Re:Why wouldn't they? (4, Funny)

matlhDam (149229) | more than 7 years ago | (#18120322)

I proved the Poincare Conjecture when I was 8, using a balloon a stapler. Unfortunately, I assumed it was trivial and never went public.

Ah, I see. Proof by explosion.

Giving rise to the question: what don't *we* know? (1)

Eternal Vigilance (573501) | more than 7 years ago | (#18120302)

I hope that this link between the aesthetic properties (if not far more) appreciated in the 15th century, and (possibly) greater insight as described by Penrose in the 20th will lead to the consideration that these two aren't endpoints, but merely the first two points in a sequence of understanding.

In other words, a contemplation of the question "Well, they saw the aesthetic properties in the Middle Ages, and they more formally described the mathematical properties in the 1970's. Naturally, after this connection was made, it took only a few years before people recognized the truly world-changing extension to ???."

What might be the "???" ?

Re:Why wouldn't they? (1)

Stooshie (993666) | more than 7 years ago | (#18120478)

... the kind of insight we're talking about here appears at face value to require a long academic tradition.

Which is exactly the kind of tradition that the middle east had at that time (and still do). Well, the parts we haven't bombed back to the stone age at least.

Re:Why wouldn't they? (0)

Anonymous Coward | more than 7 years ago | (#18120484)

a lot of patterns are not "natural". a child drawing a cube most probably does so, because it lives in an environment that provides cubes to its perception. anthropology showed more than once that there are, f.e., tribes in south-east asia that are not even able to draw a straight line, simply because no such thing ever occurs in their world. circles, yes, the sun does that for you.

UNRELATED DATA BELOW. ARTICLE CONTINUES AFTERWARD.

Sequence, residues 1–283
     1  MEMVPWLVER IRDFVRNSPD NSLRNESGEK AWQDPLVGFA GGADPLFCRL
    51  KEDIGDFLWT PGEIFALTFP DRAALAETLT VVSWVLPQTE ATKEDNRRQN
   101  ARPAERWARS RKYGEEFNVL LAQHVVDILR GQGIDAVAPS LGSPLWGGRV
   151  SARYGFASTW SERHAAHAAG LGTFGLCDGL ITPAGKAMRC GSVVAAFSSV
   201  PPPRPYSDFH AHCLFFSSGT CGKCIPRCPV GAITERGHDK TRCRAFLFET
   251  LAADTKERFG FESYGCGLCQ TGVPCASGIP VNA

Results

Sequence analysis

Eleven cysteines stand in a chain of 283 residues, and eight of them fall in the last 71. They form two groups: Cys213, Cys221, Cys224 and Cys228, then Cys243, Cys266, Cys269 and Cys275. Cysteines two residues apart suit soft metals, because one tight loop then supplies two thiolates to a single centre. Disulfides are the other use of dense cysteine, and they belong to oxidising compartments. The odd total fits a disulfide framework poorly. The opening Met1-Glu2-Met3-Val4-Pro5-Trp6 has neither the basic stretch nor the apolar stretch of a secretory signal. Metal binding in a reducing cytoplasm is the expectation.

The Catholic Church happened. (3, Insightful)

Flying pig (925874) | more than 7 years ago | (#18119978)

The last time I suggested white Western civilisation might be less than perfect I got modded to hell, but who cares? It was no less a person than Roger Bacon who said that every educated person needed to know Arabic, but then he was interested in the science and technology of his day, unlike most of the Church. The peak of that Islamic civilisation seems to have been the Kingdom of Granada in Spain, which had an advanced society, religious tolerance (not only were Jews and Christians welcome, but a Hebrew prayer book for women has been discovered there) and advanced technology. There is some evidence that they learned more from the Hindus than the Greeks, as books on the history of numbers point out. There are writings from that society that sound almost modern in outlook.

Unfortunately their civilisation was destroyed by a European power under the aegis of the Catholic Church. For much of recent history, Christian societies have attempted to control and dominate Islamic societies. Since the socially mobile tend to follow the ways of the dominant power, Islam has become increasingly a religion of the poor and ill educated. (I know this is a simplification, but it is a useful simplification.) We are now seeing the effects of creating a society of poor and ill-educated people with ready access to cheap weapons.

On the broader point, I tend to disagree. It is easy to blame television, the movies and the music industry for the destruction of "high" culture, but of course we don't know what "low" culture was like in largely preliterate societies. I suspect the reality is that high culture is more disseminated and understood than ever before, but whereas in the Middle Ages it might have been available to 0.1% of the population, now it is available to, say, 2%. Because mass culture now has access to the media, this fact is concealed in the sheer noise of low culture.